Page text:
One of the key foundations for any successful project is building a plan which accounts for surprises. For Project Hindsight, we aim to create a plan which accounts for an experience that has unique facets, such as the merging of live-action and realistic interaction with CG objects.
The challenge with this type of deliverable is that it is neither a film nor a game, hence even the pipelines and workflow have to be entirely unique to reflect this project, marrying the best practices from both worlds to inform our planning choices and decisions.
Our goal is to develop rapid prototypes in a weekly and bi-weekly schedule that enable us to explore the different challenges and possible solutions. These prototypes will be self-contained, with each having different test goals and challenges which we want to overcome before our principal photography phase later in March.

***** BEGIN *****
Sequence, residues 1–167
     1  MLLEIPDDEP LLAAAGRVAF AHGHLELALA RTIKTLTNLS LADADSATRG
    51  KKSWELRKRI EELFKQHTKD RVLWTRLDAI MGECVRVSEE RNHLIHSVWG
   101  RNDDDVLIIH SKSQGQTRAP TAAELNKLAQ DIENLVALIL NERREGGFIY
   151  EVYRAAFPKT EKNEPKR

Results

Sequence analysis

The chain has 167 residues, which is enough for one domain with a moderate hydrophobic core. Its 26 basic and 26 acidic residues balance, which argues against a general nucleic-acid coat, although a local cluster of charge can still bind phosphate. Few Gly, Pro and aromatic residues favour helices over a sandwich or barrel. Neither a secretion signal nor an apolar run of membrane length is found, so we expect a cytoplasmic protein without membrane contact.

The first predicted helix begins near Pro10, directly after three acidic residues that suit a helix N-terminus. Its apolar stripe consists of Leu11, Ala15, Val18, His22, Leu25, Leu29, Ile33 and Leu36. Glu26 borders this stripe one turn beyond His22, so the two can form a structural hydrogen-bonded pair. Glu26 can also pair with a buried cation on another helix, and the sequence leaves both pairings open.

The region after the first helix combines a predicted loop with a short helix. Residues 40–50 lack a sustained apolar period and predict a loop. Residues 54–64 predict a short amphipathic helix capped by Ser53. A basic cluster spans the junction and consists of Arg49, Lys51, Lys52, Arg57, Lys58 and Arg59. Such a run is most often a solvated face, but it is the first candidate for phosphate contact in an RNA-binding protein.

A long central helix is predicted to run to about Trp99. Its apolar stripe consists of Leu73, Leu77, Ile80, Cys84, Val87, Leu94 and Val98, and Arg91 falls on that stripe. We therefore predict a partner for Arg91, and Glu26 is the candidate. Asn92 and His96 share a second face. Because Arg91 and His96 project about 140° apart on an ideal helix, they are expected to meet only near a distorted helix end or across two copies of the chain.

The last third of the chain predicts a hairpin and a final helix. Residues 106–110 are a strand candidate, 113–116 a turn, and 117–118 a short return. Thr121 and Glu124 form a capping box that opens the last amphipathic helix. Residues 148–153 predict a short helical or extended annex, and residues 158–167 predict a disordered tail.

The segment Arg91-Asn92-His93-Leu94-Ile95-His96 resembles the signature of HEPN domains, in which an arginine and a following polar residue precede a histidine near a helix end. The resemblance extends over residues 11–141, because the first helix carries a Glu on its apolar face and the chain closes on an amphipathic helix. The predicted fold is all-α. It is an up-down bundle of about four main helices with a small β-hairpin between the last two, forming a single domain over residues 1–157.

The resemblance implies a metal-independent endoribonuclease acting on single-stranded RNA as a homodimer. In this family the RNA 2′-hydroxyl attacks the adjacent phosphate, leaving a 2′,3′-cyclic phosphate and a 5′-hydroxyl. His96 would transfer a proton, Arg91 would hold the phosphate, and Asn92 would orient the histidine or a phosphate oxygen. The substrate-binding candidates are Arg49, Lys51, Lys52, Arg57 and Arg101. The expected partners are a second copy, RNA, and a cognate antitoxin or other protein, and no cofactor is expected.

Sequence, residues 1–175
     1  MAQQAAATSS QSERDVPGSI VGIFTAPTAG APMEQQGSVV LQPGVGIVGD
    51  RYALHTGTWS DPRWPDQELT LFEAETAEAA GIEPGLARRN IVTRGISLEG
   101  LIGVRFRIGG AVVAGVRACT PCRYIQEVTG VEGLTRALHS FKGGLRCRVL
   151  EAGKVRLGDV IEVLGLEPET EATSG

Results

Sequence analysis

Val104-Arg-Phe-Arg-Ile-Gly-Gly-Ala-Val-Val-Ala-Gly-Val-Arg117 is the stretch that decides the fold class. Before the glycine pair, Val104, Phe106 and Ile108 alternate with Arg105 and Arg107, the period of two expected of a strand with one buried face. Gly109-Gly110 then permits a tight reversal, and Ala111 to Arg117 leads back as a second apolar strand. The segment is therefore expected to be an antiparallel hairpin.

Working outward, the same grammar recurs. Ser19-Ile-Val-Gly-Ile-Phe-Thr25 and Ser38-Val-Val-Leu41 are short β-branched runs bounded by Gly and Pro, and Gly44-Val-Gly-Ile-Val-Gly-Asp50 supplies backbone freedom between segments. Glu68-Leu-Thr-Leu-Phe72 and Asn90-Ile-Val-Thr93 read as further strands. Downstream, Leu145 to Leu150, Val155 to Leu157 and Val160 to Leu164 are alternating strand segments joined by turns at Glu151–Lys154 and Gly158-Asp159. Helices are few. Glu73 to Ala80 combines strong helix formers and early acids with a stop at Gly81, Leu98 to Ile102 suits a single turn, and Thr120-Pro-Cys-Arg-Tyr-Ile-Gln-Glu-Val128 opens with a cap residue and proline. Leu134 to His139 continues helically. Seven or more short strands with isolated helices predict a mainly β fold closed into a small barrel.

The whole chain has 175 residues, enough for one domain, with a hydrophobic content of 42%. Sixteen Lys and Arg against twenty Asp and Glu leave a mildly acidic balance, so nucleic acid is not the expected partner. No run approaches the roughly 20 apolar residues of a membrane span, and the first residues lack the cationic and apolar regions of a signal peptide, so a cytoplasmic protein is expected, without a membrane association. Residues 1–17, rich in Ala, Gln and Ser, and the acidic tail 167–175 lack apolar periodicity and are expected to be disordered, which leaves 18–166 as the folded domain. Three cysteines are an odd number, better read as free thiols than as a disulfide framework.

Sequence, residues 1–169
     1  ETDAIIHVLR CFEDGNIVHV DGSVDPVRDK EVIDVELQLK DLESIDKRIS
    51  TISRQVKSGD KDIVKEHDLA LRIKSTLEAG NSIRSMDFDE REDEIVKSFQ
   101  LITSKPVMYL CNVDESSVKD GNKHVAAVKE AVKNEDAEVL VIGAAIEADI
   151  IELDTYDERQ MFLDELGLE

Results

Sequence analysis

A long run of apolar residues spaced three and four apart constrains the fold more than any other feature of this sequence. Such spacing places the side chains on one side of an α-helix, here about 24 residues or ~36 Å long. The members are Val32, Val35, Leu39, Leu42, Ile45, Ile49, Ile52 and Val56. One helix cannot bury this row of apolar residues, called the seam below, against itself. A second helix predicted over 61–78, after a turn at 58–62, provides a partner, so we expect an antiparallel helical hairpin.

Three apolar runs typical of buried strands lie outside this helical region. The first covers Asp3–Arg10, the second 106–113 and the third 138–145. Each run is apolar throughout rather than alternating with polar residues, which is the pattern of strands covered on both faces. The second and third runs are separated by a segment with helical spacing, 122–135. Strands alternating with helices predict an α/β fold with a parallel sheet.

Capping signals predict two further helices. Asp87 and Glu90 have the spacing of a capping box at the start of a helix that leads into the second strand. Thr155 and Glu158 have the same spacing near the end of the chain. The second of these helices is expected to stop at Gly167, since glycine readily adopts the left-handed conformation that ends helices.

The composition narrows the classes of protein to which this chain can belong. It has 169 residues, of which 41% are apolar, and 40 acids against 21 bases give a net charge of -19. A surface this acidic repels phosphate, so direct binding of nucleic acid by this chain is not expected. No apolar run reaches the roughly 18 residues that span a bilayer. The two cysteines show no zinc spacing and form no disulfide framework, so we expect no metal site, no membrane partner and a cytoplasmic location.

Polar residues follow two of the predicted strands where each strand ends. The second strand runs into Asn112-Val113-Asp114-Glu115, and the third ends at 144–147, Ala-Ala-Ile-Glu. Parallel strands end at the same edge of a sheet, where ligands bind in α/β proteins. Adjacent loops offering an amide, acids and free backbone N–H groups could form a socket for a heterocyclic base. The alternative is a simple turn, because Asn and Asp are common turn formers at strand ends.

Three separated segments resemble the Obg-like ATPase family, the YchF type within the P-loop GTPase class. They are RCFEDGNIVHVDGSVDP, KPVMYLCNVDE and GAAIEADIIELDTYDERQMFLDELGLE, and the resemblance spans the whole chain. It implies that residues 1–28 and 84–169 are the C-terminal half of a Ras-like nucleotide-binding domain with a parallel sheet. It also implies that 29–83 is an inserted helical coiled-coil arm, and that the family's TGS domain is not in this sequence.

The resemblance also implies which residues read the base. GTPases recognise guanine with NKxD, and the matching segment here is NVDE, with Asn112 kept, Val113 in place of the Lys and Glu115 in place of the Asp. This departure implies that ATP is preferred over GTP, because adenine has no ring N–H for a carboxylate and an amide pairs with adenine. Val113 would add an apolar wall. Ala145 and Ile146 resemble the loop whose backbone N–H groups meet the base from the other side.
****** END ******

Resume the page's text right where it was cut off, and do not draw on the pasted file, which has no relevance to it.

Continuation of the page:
In this blog post, I will be delving deeper into our first prototype, provided with a technical analysis by Sunil Nayak, Project Hindsight’s programmer and sound designer.
Human Tripod Prototype One, titled “Igor”
Week 2 Prototype: Lessons Learned
The goals for week 2 were as follows:
- Develop a VR environment with a 360 video and put in 3D models (cans of soda) that appear to be a part of the environment
- Add in Spatial Sound.
- [Stretch Goal] Oculus + Touch integration
A lot was learned while we attempted to do this. Primarily, the lighting was a big issue and there was always a problem with the lights being either too bright for the video (but not bright enough for the 3D models) or the opposite (and even worse for the 3D models). Shadows are necessary, but with the former the shadows disappeared (lights were too bright), and with the latter, everything was too dark. Directional light was tried to light up the video sphere, but that was also being horrible.